If you follow the 80-20 rule, you’ll use 80 percent of your Facebook posts to inform, educate, and entertain, and the other 20 percent to directly promote your brand. Remember that using Facebook for business is all about building relationships, and constantly pitching your product is not a great way to do so. But if you provide enough valuable content to keep your followers engaged, they’ll be open to learning about your products and services in those 20 percent of posts that offer a more sales-focused message.

The social media rule of thirds also prescribes a good mix of valuable content and promotional posts: one-third of your content should share ideas and stories, one-third should involve personal interactions with your followers, and the remaining third can directly promote your business.

Either way, the key message is to provide much more content than promotional material in order to keep followers interested and engaged. Facebook’s algorithm changes will always penalize brands that leaning far too heavily into driving sales.

Facebook wants its users’ news feeds to be filled with content they want to Like and share, rather than sales pitches. As a brand marketer, you should want that, too—since all those Likes and shares help extend your reach and put your brand in front of new eyeballs, without any direct effort from you or your team.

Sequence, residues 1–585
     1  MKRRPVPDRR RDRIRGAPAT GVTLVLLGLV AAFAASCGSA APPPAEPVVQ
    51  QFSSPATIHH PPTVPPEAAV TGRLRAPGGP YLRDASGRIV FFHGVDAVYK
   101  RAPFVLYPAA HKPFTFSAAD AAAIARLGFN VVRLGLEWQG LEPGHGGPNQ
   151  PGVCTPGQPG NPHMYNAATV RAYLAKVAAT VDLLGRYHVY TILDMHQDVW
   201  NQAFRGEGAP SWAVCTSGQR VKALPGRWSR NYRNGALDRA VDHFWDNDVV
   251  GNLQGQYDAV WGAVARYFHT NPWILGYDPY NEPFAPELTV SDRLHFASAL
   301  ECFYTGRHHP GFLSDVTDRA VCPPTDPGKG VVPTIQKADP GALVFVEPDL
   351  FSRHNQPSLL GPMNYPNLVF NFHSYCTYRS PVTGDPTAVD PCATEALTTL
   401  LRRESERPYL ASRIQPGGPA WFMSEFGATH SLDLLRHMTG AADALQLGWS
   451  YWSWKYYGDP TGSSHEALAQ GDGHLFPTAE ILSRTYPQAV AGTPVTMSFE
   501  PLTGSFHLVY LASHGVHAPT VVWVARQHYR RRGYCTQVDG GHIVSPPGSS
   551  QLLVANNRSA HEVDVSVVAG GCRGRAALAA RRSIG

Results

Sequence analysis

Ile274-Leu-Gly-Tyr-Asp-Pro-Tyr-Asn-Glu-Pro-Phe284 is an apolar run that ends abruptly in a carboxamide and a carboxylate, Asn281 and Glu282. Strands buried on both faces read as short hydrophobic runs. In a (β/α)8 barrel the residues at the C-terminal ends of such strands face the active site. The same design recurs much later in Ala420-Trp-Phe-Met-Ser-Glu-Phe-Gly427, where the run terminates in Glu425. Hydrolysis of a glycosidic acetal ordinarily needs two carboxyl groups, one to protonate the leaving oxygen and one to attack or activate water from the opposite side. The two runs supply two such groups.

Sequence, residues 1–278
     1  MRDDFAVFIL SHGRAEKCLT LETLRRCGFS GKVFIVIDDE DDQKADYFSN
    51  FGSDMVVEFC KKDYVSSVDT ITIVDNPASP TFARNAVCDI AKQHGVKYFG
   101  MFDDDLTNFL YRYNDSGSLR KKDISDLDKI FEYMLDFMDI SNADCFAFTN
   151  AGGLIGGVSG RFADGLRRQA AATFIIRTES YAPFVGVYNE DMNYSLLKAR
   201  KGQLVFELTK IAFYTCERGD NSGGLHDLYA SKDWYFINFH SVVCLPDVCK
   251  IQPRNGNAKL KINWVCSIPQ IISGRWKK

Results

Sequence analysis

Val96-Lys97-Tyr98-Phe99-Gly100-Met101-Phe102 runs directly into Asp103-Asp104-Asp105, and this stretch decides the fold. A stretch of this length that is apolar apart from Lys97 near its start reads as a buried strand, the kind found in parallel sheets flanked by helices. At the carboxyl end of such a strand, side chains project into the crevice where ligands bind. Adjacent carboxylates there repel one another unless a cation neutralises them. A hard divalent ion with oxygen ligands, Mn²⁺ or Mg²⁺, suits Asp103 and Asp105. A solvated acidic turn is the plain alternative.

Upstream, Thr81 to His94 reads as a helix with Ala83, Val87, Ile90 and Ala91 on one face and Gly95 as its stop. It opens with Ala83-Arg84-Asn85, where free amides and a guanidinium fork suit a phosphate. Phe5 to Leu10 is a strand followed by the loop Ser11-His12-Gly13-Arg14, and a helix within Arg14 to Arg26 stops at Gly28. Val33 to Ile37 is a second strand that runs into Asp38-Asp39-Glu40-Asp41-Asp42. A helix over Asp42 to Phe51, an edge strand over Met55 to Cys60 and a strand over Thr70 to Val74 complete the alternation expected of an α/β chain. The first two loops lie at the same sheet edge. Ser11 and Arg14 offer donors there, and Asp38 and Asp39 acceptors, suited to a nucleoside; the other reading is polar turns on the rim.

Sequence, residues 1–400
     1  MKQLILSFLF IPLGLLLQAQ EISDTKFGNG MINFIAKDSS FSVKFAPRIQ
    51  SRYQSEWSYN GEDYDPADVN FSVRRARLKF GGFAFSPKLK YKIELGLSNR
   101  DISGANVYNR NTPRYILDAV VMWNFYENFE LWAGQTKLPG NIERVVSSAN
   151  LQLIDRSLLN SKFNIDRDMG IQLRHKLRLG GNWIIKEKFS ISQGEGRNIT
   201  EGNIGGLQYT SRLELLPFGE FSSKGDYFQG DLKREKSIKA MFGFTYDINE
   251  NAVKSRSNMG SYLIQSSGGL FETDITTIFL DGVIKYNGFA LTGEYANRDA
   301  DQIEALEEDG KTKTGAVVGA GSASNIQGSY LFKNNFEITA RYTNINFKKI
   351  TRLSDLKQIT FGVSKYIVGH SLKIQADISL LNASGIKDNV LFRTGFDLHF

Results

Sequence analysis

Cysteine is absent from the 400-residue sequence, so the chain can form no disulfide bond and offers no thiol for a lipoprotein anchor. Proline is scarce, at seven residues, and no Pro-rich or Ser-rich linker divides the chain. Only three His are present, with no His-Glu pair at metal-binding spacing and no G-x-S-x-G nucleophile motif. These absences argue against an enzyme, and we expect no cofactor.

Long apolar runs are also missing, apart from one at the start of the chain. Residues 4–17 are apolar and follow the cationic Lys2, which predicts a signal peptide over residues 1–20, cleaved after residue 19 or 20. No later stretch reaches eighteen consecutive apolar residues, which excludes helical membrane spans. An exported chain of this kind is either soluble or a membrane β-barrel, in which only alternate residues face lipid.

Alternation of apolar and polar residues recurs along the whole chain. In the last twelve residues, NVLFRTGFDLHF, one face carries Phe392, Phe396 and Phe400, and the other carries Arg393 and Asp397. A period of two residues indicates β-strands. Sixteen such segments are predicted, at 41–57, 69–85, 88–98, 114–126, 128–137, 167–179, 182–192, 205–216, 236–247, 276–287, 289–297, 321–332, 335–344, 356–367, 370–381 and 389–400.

The final part of your plan is to determine when and how often to post. Even though the algorithm means posts don’t appear in chronological order, you have the best chance of making it to the top of the pile if you post when your audience is most active on the network.

This will take some trial and error to pin down for your specific business (using engagement data gleaned from Page Insights), but research generally shows that the best time to post is Thursday or Friday from 1 to 3 p.m., so that’s a good place to start. Since it’s important to post consistently, create a content calendar to help balance your mix of content types and keep your posting schedule on track.

For more strategic planning ideas, check out our post on how to create a social media marketing plan.

Step 2. Create a Facebook Business Page